While this November 2001 date concurs with programmer's Kershaw timeline, in earlier testimony from Autodesk's Mollon, he testified that negotiations for new contract began between Autodesk and D-Cubed late September of 2001, before the infamous "drop Inventor" meeting. Inventor 5.3, the first version to use ShapeManager was released on January 30, 2002, but it is built on top of ACIS with over 2,500 connection points to it. So if the Autodesk relationship with D-Cubed started in November, was it possible to do get everything working technically and work out a contract, by late January? Who knows? However, if the relationship started in September, then this timeframe makes more sense.
On the witness stand, Spatial representatives said not only did the product and service improve after Dassault Systemes took over, but in its first major point release of ACIS, version 7, several million dollars was dedicated to fixing Autodesk bug requests and adding specific features for Inventor. Spatial thought they had an informal deal with Autodesk and that if they addressed these needs, Autodesk would re-negotiate the contract. Not only did new contract never happen, but Autodesk didn't use release 7 in Inventor -- it only used it as a foundation for ShapeManager. As far as the "drop Inventor" quote, Mike Payne claims that this is how business is sometimes done and after the trial I talked to him and he compared it to how Dassault Systemes ended up buying SolidWorks in 1997, pointing out how that acquisition started out as a casual comment by a Dassault executive over lunch and ended up as a full-fledged business deal. In court, Spatial did not address the possible Autodesk non-access to CATIA technology, but Payne told me after the trail that this was regarding an ACIS husk (add-on) that was never supposed to be inside the core of the kernel anyway.
In short, Spatial's main answer to Autodesk's charges, and what they stressed in their closing statements, was that none of this mattered, because it didn't have anything to do with the 1991 contract. Technically, I feel they were right, because while it seems that Spatial was trying to bully Autodesk into working them a sweeter deal financially, this doesn't give Autodesk the right to breach the contract, if that is what they indeed did.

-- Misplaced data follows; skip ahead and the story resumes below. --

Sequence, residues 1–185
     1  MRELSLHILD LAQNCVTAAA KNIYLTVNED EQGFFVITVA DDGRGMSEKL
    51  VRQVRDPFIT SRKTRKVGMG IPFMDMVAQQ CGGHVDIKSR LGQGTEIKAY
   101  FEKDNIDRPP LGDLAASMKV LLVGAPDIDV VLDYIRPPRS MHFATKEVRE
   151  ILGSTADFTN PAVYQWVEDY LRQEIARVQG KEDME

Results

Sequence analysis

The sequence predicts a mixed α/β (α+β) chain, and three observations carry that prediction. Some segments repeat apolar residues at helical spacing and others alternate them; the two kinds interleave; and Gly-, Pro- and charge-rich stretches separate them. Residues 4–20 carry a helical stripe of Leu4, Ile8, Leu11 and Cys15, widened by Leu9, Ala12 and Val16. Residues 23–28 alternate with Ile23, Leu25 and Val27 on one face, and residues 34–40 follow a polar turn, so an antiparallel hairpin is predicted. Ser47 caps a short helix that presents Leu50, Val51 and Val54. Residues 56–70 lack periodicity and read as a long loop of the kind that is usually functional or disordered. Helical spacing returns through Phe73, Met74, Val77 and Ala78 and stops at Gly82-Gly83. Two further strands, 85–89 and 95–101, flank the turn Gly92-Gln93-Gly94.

So did they? A jury said no (more on them later). It really depends on how you interpret the contract. (So get yourself a copy of it and curl up with it by the fireplace)
Spatial said that not only did Autodesk break the contract, but it was planning on sharing the profits of their newly developed joint technology with D-Cubed "behind Spatial's back". However, Spatial had no documents or testimony in court to prove this. Autodesk feels that the entire Dassault Systemes acquisition of Spatial was a plot to "get Inventor off the market, because it cuts into their profits" in the words of Carl Bass. As Bass puts it, EDS doesn't ask Dassault Systemes to drop SolidWorks and resell Solid Edge, just because it makes the kernel SolidWorks is built upon.
Despite Spatial's claim that he didn't know what he was talking about, I think it was Dick Sowar's testimony that hurt Spatial the most in the eyes of the jury. To me, it seemed they could relate to him, because I'm not sure they knew what anyone was talking about. However, can you blame them? Nine days and about 30 hours of testimony spread out over four weeks. Scores of names thrown out at them -- so many that on the sixth day of the trail, the judge, whom I considered to be very sharp, asked the lawyers to write the names of the key players for Autodesk, Spatial and D-Cubed on a board which soon filled up with over 30 names -- and that wasn't all of them. There were also names of many other CAD companies mentioned, more acronyms than you could count, dozens of witnesses both live and via video tape and both sides each sent the jury back to review over 40 exhibits (contracts, emails, faxes, notes and so on). The two alternate jurors had been spent (one got sick and the other had to go on vacation) and other jurors were complaining how they had business they had to attend to real soon. So despite all this information and the judge's instructions to go into the jury room with an open mind and to review all the data presented, a verdict was returned in less than two hours. No matter what one's feelings were, one way or another, I think the matter deserved more deliberation than it received.
Again, I don't blame them. The deliberations could have, like the trial, gone on forever. For every point made by one witness, there seemed to a counterpoint. However, all I can do is leave you with this to consider -- most of Autodesk's key witness either still work for Autodesk or have business with them, whereas key Spatial witnesses like Hansen and Cunningham don't even work in the CAD industry anymore.
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